'Make government paperless by 2020'

5 September 2013

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6 September 2013 | Will Green

The UK government should become paper-free by 2020, according to a think tank.

Policy Exchange claimed the government could be “8 per cent more effective” – saving £24 billion a year – if it eliminated paper from communications between departments and switched to digital channels for all public services not requiring face-to-face interaction.

The think tank said the Crown Prosecution Service prints one million sheets of paper a day and two articulated lorries of letters and paperwork pull into the Driving and Vehicle Licensing Agency each day.

Smaller, Better, Faster, Stronger: Remaking government for the digital age said a survey of public sector staff carried out for the report found just a half thought their bosses understood what technology was required for people to do their job well, and a third thought the technology at work was worse than they had at home.

The report said: “By 2020 government must move from digital-by-default to digital, full stop. Moving paper up and down the country is slow and expensive. Government should eliminate paper for interactions within and between departments, and switch exclusively to digital channels for public services that do not need a face-to-face interaction with the public.”

The government should also adopt e-procurement and allow developers to write apps that can communicate with government systems, said the report. But to make the changes government will have to “increase interchange” so more staff have external experience, introduce more fixed-term appointments, enrol the top 10 per cent of staff in an “innovation drive” and allow teams to spin out their activities with tech start-ups and other partners.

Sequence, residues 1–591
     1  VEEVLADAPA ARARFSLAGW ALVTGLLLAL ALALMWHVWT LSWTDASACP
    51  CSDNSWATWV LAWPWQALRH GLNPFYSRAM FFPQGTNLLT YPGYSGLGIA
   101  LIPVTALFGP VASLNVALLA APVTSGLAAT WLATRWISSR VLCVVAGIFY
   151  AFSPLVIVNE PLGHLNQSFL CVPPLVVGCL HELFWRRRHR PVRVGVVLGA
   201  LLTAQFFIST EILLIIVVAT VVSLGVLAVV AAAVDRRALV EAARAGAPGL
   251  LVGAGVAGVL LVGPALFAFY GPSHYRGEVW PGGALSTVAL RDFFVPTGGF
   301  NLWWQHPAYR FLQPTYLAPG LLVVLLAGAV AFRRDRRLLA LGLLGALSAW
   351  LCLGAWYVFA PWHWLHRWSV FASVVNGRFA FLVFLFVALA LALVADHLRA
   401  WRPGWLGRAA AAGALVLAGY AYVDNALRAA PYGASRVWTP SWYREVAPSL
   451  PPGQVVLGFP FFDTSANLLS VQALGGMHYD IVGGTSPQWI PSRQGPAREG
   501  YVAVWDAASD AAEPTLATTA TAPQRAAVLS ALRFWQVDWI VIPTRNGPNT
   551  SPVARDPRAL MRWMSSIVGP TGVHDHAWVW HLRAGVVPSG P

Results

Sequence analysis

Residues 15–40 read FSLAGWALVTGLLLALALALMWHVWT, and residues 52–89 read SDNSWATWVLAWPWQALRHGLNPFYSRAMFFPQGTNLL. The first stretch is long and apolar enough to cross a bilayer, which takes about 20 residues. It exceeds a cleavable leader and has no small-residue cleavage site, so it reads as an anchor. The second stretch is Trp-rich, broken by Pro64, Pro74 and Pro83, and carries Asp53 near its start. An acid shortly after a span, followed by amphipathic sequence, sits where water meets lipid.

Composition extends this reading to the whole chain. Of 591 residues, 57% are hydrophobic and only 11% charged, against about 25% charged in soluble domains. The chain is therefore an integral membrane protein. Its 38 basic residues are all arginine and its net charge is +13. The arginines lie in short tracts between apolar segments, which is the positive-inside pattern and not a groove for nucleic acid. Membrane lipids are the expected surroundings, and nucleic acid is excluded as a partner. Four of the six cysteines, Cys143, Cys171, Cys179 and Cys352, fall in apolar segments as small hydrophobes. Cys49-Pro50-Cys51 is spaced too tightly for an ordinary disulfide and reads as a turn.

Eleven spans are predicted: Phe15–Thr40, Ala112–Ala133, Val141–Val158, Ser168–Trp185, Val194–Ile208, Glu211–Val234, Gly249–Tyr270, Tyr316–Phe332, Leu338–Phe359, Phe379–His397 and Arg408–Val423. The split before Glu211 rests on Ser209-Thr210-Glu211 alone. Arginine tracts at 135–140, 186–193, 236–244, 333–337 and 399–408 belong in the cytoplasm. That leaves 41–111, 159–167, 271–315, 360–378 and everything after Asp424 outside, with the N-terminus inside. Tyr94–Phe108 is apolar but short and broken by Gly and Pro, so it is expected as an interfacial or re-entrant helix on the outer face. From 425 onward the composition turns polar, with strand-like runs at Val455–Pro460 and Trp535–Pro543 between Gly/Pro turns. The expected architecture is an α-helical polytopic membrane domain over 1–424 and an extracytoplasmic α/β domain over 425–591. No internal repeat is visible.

The report said: “As is so often the case, the toughest challenges ahead are around people, leadership and organisational change. By 2020 government needs to have developed more outstanding leaders who can drive digital into the DNA of public sector organisations.”

Francis Maude, minister for the Cabinet Office, said: “This report recognises considerable progress and remarkable potential. We estimate shifting government transactions to digital channels can save £1.2 billion by 2015. In future all government services will be fast, convenient, agile and digital by default.”

The European Commission has set a deadline for all public sector organisations to carry out procurement electronically by 2016.

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